- Capitalism, with the blessing of SA Communist Party
Accepting the continuation of capitalism made even stronger by the growing presence of black capitalists was easy for the SACP. Their short-term policies were predicated on precisely such policies. The removal of racial barriers to being a capitalist marked the first stage of their two-staged theory of the road to South African socialism. This theory was carried over in their later theory, the National Democratic Revolution (NDR). Led by the ANC, the NDR, having achieved its first objective of normalising capitalism (by deracialising the ownership of capital) would then move on to the transition to socialism, marked by such things as the dominant role of the working class. How the road to socialism would be led by a capitalist ANC is not explained. For present purposes, it doesn’t need to be. What matters is that the SACP and its close ally Cosatu have understandings that welcome the capitalist mould of our political economy. And this is a major problem.
Capping capitalism and not achieving socialism is the first requirement
This article seeks to show that there is a way out of what most South Africans see as an unbearable nightmare. To do this, we need to have a better understanding of our political economy in what has become known as its neoliberal form. The ills most of us readily acknowledge — dysfunctional municipalities, bankrupt state enterprises, incompetent managers and corruption — are the consequence of neoliberalism. They are also the easiest to change. Of course, ‘easiest’ doesn’t make them easy. But we have to start somewhere. We have to avoid allowing our despondency to become a state of permanent paralysis.
Just consider our dysfunctional municipalities. Even though properly servicing only white communities during apartheid, they functioned well. And they did so with constrained levels of corruption. There were no tenderpreneurs because very little was outsourced, as municipalities provided a whole range of their own public services. This, indeed, was the standard practice in much of the so-called first world. The most probable cause of the Hammanskraal cholera, according to Anthony Turton, is contaminated water delivered in outsourced tankers but sourced from polluted rivers because it is considerably cheaper than using municipal water.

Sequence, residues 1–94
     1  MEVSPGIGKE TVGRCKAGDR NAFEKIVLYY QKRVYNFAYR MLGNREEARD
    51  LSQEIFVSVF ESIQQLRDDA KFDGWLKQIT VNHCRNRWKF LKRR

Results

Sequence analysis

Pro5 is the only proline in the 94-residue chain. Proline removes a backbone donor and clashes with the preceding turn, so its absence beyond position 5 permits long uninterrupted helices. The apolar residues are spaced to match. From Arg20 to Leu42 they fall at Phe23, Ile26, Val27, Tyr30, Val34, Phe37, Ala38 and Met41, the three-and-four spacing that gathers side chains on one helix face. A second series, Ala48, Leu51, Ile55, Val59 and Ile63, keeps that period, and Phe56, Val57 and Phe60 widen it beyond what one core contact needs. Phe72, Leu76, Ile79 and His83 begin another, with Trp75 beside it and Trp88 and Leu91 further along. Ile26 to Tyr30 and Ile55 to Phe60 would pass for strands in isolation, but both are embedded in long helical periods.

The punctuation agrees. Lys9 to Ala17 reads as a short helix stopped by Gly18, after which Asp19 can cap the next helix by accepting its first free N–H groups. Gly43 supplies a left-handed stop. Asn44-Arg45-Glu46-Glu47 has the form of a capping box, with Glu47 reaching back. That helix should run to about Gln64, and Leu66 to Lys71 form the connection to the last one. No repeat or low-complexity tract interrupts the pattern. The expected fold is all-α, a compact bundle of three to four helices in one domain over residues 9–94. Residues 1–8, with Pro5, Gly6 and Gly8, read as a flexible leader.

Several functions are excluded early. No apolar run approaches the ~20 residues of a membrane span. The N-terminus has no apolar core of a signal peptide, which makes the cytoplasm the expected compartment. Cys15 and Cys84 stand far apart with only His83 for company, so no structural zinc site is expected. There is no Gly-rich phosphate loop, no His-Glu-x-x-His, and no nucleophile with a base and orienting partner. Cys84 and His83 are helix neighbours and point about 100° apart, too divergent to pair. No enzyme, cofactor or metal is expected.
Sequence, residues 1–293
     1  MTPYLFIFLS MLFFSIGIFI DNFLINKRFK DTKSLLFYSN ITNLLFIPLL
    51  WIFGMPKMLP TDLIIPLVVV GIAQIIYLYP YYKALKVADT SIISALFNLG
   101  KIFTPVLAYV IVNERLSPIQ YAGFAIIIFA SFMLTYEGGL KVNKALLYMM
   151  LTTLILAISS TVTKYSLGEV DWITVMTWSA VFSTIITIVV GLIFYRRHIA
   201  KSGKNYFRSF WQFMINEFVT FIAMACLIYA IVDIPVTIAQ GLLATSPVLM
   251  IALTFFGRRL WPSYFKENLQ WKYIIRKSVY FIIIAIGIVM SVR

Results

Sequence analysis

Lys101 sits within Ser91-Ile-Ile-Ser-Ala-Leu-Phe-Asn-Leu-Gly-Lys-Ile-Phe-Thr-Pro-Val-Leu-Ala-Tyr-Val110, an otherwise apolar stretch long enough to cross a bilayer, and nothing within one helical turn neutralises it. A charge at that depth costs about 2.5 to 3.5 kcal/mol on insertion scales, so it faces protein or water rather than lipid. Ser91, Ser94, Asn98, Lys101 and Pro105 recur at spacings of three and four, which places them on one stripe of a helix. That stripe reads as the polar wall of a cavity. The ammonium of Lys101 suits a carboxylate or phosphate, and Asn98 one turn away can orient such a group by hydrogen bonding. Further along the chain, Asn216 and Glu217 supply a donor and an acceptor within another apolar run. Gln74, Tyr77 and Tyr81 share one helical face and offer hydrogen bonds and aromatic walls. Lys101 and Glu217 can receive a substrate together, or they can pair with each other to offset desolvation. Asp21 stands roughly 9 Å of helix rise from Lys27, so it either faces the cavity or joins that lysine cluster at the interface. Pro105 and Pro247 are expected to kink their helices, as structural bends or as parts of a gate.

Even with the political will to end outsourcing, it can’t happen without the prior appointment of optimal numbers of new, properly capacitated, or retrained staff. Staff able to do what they’re paid to do would have two immediately beneficial outcomes: They would stop the absurdity of cash-strapped municipalities having to return large amounts of unspent State and provincial-provided cash. Moreover, the serious curtailment, if not abandonment, of corruption, would facilitate Parliament’s making available some of the billions of rands needed not only for infrastructure recovery but for actual development. Substantial job creation would be integral to these various developments. This, in turn, would reduce the need for some social welfare expenditure. It would, furthermore, increase the size of the municipal tax base; the hitherto small size of which has condemned most municipalities to permanent underfunding. All this would turn transform a vicious cycle into a virtuous one.